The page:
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POLITICAL SCIENTIST JOHN MUELLER HAS CHARACTERIZED THE Korean War as "quite possibly the most important event since World War II."1 I have labeled it "a substitute for World War III."2 What we mean is that in its timing, its course, and its outcome, it had a stabilizing effect on the Cold War. It did not end that conflict; indeed, it intensified and militarized it as never before. For Koreans it was a total war, with some 10 percent of the population either killed, wounded, or missing. In property, South Korea lost the equivalent of its gross national product for the year 1949. North Korea lost eighty-seven hundred industrial plants, its counterpart twice that number. North and South each saw six hundred thousand of its homes destroyed.3 Yet the fighting did not expand beyond Korea. The costs and risks of the war, combined with the success of the United States and the Soviet Union in preventing the other from enabling its proxy government in Korea to unify the peninsula, discouraged future efforts on each side to venture beyond its zone of influence by military means. The rearmament in the United States and Western Europe provoked by the war created a rough and sustainable balance of military power in the key theater of superpower competition. If the United States and the Soviet Union, and their allies, were better armed than before, there was less chance that either of the principals would employ their forces in a manner leading to direct confrontation.
This book is an interpretive account of the major diplomatic, political, and strategic issues of the Korean War. Rather than providing a lengthy narrative of the international dimensions of the conflict as I did in my 1995 volume, my approach here is issue-oriented and synthetic.4 My aim is to provide an overview, of interest to specialists and general readers alike, that takes into account the vast body of new documentation that has surfaced in recent decades.
When I began studying this event in 1968, the standard synthetic treatment of the event was David Rees's Korea: The Limited War, which was based almost entirely on published sources.5 Then, during the 1970s a wide array of official records and private papers became available in the United States. From the Soviet side, there emerged the memoirs of Nikita Khrushchev, although their legitimacy and/or accuracy was questioned in some circles.6 During the next decade, this wealth of new material began to be exploited in scholarly monographs and new narrative syntheses.7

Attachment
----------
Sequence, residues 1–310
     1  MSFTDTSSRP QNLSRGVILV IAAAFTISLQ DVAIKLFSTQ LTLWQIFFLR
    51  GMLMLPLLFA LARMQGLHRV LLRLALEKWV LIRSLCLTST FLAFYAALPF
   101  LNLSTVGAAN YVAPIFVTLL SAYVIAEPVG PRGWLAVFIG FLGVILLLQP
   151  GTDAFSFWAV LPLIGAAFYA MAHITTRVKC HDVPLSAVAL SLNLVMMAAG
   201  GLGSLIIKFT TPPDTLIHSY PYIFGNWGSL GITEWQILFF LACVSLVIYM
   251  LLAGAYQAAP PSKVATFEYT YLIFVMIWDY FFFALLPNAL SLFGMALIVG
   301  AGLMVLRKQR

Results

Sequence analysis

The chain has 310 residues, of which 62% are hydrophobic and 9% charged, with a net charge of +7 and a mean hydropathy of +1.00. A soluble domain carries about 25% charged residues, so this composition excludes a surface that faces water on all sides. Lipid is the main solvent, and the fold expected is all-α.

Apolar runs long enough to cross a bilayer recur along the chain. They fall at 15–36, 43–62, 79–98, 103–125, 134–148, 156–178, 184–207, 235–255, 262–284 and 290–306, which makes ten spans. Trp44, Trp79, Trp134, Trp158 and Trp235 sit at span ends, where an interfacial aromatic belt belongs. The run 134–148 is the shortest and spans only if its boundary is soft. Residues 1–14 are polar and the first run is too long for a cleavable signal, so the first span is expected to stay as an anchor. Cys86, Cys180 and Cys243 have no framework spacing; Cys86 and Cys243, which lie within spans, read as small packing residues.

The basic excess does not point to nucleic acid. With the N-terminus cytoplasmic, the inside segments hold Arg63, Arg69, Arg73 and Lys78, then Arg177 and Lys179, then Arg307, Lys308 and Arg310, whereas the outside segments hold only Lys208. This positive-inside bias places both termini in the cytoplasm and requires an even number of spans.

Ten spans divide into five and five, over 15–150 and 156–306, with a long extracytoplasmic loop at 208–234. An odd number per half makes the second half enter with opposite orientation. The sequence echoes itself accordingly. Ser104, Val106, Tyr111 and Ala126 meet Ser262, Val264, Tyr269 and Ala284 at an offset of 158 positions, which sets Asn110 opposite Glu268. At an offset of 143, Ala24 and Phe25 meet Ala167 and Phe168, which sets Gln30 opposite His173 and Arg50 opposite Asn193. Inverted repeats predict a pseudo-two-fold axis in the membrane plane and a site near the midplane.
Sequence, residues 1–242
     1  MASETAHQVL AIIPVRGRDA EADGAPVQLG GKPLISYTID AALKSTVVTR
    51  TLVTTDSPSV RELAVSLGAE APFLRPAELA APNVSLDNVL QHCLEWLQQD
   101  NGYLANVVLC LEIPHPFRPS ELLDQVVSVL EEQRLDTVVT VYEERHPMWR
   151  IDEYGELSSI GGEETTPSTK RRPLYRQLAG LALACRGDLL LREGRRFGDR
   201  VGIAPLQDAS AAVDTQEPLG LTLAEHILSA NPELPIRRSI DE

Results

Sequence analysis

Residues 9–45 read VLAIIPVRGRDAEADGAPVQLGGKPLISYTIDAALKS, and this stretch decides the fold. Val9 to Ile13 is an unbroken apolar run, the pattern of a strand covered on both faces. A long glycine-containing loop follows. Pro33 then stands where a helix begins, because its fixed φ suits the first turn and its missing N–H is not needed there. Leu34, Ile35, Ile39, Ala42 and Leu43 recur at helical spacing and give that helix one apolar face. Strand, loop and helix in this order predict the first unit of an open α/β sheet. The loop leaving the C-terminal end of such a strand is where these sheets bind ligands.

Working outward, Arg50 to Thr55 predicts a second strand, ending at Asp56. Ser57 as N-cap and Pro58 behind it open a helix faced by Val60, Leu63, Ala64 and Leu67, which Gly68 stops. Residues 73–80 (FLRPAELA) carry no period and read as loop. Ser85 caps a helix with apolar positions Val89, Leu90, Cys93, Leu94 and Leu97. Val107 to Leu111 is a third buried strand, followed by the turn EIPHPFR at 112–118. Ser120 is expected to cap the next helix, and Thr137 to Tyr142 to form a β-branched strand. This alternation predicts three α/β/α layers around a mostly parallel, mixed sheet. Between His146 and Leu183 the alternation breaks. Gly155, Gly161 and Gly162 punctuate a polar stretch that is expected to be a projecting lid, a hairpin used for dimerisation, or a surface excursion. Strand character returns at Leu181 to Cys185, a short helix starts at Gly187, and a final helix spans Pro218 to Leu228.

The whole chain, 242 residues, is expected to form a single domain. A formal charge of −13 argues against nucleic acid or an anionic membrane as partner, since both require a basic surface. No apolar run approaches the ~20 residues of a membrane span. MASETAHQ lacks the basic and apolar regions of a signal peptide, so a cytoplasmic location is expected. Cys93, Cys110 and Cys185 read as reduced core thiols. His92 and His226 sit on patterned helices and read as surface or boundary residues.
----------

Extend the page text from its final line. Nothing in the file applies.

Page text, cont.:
There also appeared a major new revisionist account, the first volume in Bruce Cumings's magisterial Origins of the Korean War. Cumings exploited Korean-language sources as never before and challenged other treatments for their downplaying of internal Korean factors in the coming of the war and their emphasis on Soviet and North Korean aggressiveness.8 Since the appearance during the war of journalist I. F. Stone's Hidden History of the Korean War, a revisionist literature had existed in the United States; but the firm grounding of Origins in archival and Korean sources gave the genre a new legitimacy.9 Cumings's follow-ups, a brief coauthored volume designed for a popular audience in 1988 and then his massive second volume of Origins two years later, ensured that the revisionist perspective on the conflict as essentially a "civil war" would continue to receive a wide hearing.10
Nonetheless, by the time Cumings's second volume appeared, revisionism was on the verge of facing major new challenges. As early as 1989, Dutch scholar Erik van Ree questioned Cumings's view of the Soviet role in North Korea from 1945 to 1947. Drawing upon heretofore untapped memoirs of Soviet officials in Korea, van Ree concluded that the Soviet Union had played a far more dominant role in its occupation zone above the thirty-eighth parallel than Cumings portrayed.11 Yet van Ree's work received little attention in the United States, and, in any event, it covered a period well before North Korea's attack on South Korea of June 25, 1950. It was not until 1993 that a study appeared that analyzed the periods both leading up to and following that seminal event and drew on new archival sources and memoirs from the former Soviet Union and China. Written by a Russian, an American, and a Chinese national, Uncertain Partners: Stalin, Mao, and the Korean War argued, contrary to the revisionists, that the Soviet Union and China were intimately involved in the process by which North Korea decided to launch and execute its military offensive.12 This volume was merely the first in a series of studies based on new documentation from the Communist side that challenged aspects of the revisionist account of the war's origins.13